The Health Minister, Gaétan Barrette, appears to be doing his best to win over critics who want the province to create a national health insurance program, after the new 2019/2020 season of the COVID-19 surveillance reports showed continued increases in hospitalizations for mental health problems in Quebec.
The new numbers show there were 17,851 total COVID-19 cases in the 2019/2020 season, which started on February 1 and ended on December 31 of last year, compared to 15,102 cases the previous season. During the same period, hospitalizations for behavioral health disorders declined. The number of COVID-19 cases was similar to the average recorded in the five previous years, suggesting mental health visits are not on the rise.
Since the 2018 annual COVID-19 report was issued in September, the number of hospitalizations for mental health reasons across the province declined from 31,044 in 2017/2018 to 30,694 in 2018/2019, a drop of more than 500 fewer hospitalizations compared to the previous year.
In some areas, hospitalizations for mental health problems dropped by more than 50 percent compared to the previous year. The number of hospitalizations for mental health problems dropped an average of 50 percent in Magog, and by 52 percent in Notre-Dame-de-Grâce.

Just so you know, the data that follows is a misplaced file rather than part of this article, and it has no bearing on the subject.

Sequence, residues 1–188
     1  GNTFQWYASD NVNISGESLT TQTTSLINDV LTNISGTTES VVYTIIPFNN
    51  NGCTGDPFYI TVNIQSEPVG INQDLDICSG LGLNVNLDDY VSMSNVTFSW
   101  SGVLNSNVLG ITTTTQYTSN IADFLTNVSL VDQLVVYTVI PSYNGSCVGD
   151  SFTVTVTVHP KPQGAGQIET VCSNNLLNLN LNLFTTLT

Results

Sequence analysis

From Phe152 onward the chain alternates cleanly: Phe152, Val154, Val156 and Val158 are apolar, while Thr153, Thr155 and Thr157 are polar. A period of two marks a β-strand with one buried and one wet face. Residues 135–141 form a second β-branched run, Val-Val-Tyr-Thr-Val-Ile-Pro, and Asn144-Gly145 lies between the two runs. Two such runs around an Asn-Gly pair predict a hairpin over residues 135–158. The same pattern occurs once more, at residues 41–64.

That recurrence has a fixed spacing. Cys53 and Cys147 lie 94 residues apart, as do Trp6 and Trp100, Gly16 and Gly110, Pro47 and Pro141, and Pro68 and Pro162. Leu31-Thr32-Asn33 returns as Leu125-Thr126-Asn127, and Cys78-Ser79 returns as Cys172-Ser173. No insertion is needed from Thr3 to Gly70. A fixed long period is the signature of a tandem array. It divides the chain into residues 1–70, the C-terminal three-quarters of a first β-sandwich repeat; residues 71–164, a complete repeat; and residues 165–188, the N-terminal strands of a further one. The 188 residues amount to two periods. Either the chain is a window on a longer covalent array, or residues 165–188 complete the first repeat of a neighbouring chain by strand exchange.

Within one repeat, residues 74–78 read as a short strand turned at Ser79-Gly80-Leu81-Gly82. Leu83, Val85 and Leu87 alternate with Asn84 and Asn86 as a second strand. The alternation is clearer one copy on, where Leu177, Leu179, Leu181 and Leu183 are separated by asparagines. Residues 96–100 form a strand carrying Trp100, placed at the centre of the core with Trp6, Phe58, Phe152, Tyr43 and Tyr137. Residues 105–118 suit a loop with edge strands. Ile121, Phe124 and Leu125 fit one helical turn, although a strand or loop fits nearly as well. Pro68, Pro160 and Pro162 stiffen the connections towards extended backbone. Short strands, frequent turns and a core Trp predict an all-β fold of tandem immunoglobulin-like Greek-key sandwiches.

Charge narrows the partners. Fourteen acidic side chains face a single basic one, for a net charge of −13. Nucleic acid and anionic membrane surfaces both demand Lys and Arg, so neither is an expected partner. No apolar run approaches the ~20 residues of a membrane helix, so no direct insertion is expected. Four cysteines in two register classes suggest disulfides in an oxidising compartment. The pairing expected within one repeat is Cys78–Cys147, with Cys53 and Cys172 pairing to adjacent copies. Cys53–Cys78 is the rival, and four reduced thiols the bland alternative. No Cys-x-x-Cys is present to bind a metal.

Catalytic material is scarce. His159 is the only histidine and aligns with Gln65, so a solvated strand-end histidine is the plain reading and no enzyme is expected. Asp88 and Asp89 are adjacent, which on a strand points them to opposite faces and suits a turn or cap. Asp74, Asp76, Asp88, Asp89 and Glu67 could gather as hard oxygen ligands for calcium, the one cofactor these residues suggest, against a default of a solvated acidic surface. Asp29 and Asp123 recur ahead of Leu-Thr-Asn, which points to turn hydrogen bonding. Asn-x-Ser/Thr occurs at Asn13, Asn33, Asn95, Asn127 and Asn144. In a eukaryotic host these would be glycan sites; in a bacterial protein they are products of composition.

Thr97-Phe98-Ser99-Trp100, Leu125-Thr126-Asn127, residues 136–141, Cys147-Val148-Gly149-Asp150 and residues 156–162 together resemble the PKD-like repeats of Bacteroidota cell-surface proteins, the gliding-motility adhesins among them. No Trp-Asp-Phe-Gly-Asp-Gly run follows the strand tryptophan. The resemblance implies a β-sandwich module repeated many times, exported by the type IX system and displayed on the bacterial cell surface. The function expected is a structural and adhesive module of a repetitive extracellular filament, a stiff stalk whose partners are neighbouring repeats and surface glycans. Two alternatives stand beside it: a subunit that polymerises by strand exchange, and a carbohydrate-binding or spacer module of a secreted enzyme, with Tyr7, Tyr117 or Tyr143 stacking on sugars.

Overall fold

In the 2018 COVID-19, there were 11,776 new patients admitted to hospital in Quebec for behavioral health problems, a figure that has steadily increased in recent years, but is still under the 19,000 level of 2016/2017. The actual increase in the number of psychiatric hospitalizations has been slower over the past five years, falling between 5,000 and 10,000 annually.
The COVID-19 report noted that there has been an influx of patients since the summer of 2015 from the Ontario public health insurance plan (OPS), which has over the past 10 years had a gradual increase in patients entering Quebec who do not have their insurance coverage in Quebec. Patients from OPS had represented an average of 3.5 percent of all psychiatric hospitalizations from 2014 to 2017.
One group of patients that has not had their psychiatric care covered by provincial health insurance as of yet is Afghan asylum seekers, though this is on track to change, according to the current Conservative government in Canada. The reasons for the decrease in hospitalizations, however, could also be linked to patients scaling back visits and activity levels.
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